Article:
4. Map the supply chain to gain clarity on all actors, processes, outputs, and interconnections.
  4. Digital transformation:
    1. Increase and automate quality control to reduce waste.
    2. Leverage AI/ML to identify data gaps in current operations.
    3. Use digital twins to model greener approaches with improved ROI.
    4. Optimize and track workforce schedules automatically to ensure fair labor practices.

Upward spiral: Role of sustainability in supply chain resilience

Given the growing global challenges, sustainability can become a competitive advantage while safeguarding financial resilience. However, achieving sustainability is not a uniform path and requires investment, analysis, and supplier renegotiation. Manufacturers must address challenges related to transparency, differing regulations, public scrutiny, and the ability to conduct risk assessments and respond quickly to violations.

Benefits and opportunities

Improving supply chain sustainability impacts various operational layers, providing significant benefits to people involved in adopting sustainability practices:

  • Internal stakeholders
    • Employee satisfaction and quality of life
    • Productivity
    • Decreased turnover
  • Stakeholders (governments, investors, suppliers)
    • Increased share price
    • Increased revenue
    • Higher profits
    • Better management of operational risks
  • Customers and shareholders
    • Loyalty
    • Publicity
    • Compliance with laws and regulations


ESG regulations worldwide make compliance a mandatory path. However, achieving sustainable supply chains is not a straightforward journey; it demands upfront investments, careful analysis, and renegotiation with suppliers. Additionally, manufacturers must be aware of the following risks:

  • Transparency: Ensuring transparency in all sustainability efforts, both within the organization and from suppliers, is crucial for meeting ESG objectives and reporting accurately.
  • Divergent Regulations: Regulations can vary significantly across regions and may even contradict each other. Navigating these complexities requires careful attention to comply with the specific requirements in each jurisdiction.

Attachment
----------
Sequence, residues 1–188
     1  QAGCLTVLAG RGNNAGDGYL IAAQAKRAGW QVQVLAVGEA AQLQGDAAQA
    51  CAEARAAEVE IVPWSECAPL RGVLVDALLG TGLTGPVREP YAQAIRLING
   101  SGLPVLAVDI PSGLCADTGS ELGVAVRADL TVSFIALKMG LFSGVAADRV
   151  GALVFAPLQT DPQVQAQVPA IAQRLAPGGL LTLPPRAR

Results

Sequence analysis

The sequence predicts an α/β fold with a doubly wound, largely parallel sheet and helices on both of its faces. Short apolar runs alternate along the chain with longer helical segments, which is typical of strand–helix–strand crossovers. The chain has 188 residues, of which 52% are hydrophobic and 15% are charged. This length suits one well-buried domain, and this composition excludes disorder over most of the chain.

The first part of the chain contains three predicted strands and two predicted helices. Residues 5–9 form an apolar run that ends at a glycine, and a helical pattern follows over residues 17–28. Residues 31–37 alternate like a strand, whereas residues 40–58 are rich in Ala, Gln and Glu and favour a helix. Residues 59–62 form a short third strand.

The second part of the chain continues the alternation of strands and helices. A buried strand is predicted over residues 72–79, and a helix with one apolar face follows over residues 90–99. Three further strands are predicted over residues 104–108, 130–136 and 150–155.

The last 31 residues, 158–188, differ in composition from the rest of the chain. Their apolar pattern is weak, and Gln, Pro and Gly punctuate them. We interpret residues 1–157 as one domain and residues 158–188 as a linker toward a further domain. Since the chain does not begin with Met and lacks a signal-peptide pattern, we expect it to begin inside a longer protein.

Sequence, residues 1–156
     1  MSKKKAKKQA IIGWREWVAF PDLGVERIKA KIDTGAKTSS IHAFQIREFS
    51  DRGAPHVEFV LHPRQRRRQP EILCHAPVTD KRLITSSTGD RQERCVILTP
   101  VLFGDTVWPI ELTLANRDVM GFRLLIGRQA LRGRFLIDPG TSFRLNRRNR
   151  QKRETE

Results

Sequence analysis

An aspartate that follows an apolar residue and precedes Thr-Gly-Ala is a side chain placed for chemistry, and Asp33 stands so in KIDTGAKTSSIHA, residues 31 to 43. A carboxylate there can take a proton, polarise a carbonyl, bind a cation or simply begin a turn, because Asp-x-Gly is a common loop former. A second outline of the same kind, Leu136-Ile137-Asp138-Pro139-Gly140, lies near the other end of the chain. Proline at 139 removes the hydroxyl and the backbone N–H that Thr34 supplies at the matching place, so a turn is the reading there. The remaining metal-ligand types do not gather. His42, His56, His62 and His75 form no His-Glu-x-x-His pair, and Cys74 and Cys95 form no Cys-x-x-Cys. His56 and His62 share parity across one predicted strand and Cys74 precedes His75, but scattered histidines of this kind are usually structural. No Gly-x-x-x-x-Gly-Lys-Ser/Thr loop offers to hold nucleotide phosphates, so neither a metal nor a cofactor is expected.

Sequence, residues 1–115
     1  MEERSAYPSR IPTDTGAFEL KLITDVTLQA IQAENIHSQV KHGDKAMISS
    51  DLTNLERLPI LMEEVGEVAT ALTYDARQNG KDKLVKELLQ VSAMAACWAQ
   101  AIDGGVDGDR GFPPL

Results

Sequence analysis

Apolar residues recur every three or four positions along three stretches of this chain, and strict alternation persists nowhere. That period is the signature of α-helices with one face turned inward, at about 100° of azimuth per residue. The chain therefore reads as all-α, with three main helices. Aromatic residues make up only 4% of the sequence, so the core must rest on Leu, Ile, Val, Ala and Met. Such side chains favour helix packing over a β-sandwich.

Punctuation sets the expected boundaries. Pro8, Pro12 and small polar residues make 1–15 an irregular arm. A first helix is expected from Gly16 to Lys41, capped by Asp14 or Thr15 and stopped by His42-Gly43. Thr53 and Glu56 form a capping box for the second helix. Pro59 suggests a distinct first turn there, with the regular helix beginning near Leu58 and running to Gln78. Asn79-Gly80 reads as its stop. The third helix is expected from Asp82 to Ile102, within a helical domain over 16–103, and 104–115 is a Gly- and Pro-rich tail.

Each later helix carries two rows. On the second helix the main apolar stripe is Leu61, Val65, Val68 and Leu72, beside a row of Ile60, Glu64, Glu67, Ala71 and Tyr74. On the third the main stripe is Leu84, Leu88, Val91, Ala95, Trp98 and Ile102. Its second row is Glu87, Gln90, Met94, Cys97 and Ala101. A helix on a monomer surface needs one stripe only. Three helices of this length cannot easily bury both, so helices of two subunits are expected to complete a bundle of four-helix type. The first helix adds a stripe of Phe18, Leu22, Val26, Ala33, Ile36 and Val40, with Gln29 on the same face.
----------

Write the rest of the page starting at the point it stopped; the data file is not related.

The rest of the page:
• Public Scrutiny: Manufacturers may face public scrutiny, especially if suppliers are not fully committed to sustainability initiatives. Negative attention can harm the brand’s reputation and stakeholder trust.
  • Risk Management: Regularly conducting risk assessments is essential to identify potential violations or non-compliance with ESG regulations. Manufacturers must respond swiftly to rectify any issues that arise to avoid penalties or reputational damage.

Toward sustainability: Grasp opportunities and minimize risks

To advance toward sustainability and minimize risks, manufacturing companies worldwide must coordinate and formalize their ESG efforts, integrating them throughout their supply networks. As corporate sustainability expectations rise, compliance with regulations necessitates the swift digitization of business processes, encompassing:

  • Processes: Embedding sustainability procedures and preventive measures into the entire value chain, from raw material extraction to the disposal and recycling of finished goods.
  • People: Educating all stakeholders about sustainability practices, ensuring their readiness to comply, and taking corrective action if any issues are identified.
  • Technology: Digitizing business processes related to supply chain and supplier management, integrating systems to efficiently track, respond to, and report ESG data cohesively.

To address ESG requirements in your supply chain and identify gaps and risks, consider the following questions:

  • How can sustainability be embedded into a resilience framework tailored to your supply chain model?
  • What is necessary for effective supply chain and supplier risk management?
  • How can alerting systems and planning/assessment dashboards be set up and operationalized?
  • How can actionable data be obtained from siloed systems throughout the chain?

Reach out to Grid Dynamics to discuss and discover the answers.